Bilin Media

#NIAW The Benefits of Sharing Your Infertility Story


As part of the National Infertility Awareness Week (#NIAW #flipthescript) Julie Medley shares here story a former patient at PREG and proud adoptive mom! 

Don’t ignore the opportunity to share your infertility story with others.  Many of you
are scared or embarrassed to talk about your struggle.  I understand that. I’ve been
there, so I really do.  I know it’s a very personal choice.  However, you can tell your
story in a broad sort of way without sharing intimate details because let’s face it, some
things simply aren’t other people’s business. I know being open and advocating isn’t
for everyone, but I just wanted to share a piece of my story and some things for you to
consider.  For me, the benefits outweigh any possible negatives but I didn’t realize this
until more than a decade into my struggle with infertility. For so long I felt isolated,
ashamed and broken. I was silent about it for years and for various reasons, including,
not wanting to hear any negative opinions and comments from others who didn’t
understand. And I was in a bit of denial…

After adopting my precious sons, my heart became so full! I see purpose for all those
years of pain every time I look at their sweet faces and I’m thankful and blessed by
how my family was created! I began sharing our infertility story to some of the people
closest to me shortly before adopting my first son, and after he was placed with us, it
seemed that people started coming from everywhere wanting to talk to me about their
struggle to conceive. Where were they when I was suffering alone?? I’ll tell you where
they were. Quiet and suffering in silence, exactly where I used to be. Oh, how I wish I
would have been more open about it early on. I then started praying that God would
send women/couples to me that I would be able to help through the same pain that I
felt for so long, and how amazing is it that I was offered a position at PREG! Talk about
answered prayers! I have had the pleasure of talking with so many amazing women
who are struggling with this heartbreaking disease, and I feel so blessed to be a part of
a team that helps mend so many broken hearts.

Infertility is personal. It’s painful and isolating. If you put a group of women in a room
and ask them if they share their story with others or if they choose to keep their
infertility diagnosis a secret, everyone’s perspectives are so different! I’ve been on both
sides so I understand, and sharing your story is a very personal choice.

But to put things in perspective, there are so many things about infertility that I can’t
control.  So, when I have the opportunity to take action on something that I can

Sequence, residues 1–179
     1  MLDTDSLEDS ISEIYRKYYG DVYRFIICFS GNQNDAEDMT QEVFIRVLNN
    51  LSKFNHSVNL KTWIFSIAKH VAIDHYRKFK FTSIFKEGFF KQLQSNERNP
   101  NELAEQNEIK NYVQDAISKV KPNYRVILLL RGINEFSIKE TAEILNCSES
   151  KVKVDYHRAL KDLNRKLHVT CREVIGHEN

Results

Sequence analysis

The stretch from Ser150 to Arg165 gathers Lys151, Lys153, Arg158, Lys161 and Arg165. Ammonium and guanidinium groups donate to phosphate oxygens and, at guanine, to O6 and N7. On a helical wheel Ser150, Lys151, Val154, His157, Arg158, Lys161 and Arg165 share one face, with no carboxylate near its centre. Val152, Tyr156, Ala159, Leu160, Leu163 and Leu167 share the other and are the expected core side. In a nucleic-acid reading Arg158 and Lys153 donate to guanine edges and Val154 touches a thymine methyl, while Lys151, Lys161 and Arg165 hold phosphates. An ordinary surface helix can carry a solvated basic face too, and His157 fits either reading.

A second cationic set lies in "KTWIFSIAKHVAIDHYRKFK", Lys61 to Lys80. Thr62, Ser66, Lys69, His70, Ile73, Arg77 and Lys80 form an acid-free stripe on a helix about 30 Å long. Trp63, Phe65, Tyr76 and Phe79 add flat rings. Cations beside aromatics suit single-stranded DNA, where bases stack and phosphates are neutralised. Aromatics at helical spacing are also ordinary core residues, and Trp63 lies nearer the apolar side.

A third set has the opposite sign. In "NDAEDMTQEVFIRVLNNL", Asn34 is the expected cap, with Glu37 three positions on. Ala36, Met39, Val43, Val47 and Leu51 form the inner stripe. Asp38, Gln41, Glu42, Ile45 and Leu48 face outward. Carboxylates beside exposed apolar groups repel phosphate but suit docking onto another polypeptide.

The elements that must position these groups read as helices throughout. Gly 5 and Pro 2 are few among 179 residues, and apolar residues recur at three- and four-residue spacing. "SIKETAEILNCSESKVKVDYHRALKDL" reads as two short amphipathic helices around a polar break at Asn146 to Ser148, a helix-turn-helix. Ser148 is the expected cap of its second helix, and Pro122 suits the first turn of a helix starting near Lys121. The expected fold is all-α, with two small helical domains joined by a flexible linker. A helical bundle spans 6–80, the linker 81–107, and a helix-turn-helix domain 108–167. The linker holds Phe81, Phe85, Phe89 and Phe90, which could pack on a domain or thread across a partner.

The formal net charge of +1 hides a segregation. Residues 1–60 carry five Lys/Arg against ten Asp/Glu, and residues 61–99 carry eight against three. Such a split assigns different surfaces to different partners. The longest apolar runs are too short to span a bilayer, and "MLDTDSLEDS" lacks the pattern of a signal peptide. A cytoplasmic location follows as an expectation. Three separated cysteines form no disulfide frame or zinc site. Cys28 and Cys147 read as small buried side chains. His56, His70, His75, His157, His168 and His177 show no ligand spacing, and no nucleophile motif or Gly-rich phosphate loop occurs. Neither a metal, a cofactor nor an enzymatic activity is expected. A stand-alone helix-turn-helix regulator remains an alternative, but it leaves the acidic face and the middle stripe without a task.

control or influence, I will absolutely do it.  Speaking out on behalf of myself and
others is my way of having some sense of control over this disease.

If you share your story, you will find that many people are extremely uneducated
about infertility — what it is, how it affects people, what treatment options are, etc.
You have a chance to change this.  You have a chance to elevate this life altering
struggle in people’s hearts and minds.  Once people know you are having trouble
conceiving…yes, they’ll say things like “just relax” and this becomes your chance to
educate them. Look at every misguided comment from others as an opportunity to set
the record straight!  I now welcome these comments as it is a way to start a
conversation about infertility myths and facts. Can you imagine saving someone else
in your shoes from having to hear, “just relax?”  How amazing would that be?!

You are in control.  You control what to share, whom to share it with and when.
When people become aware of your infertility, you don’t always share details with
everyone. You can simply say that you are having problems with infertility and leave it
at that.  And, you can always advocate for infertility without necessarily sharing
personal information. I know several people who came forward that had told no one
outside of their marriage, but me.  So, I was happy that I could be that one person they
had to talk to about their problems.  Can you imagine how lonely it would be?  It really
doesn’t have to be.  No one is in this alone, I can promise you that.

Infertility is a disease like any other and my hope is that more of us will fight back by
talking about it.  We need to talk about infertility to educate others and build
awareness.  We need to destroy the myths. We need you to put a face and a name to
this devastating disease.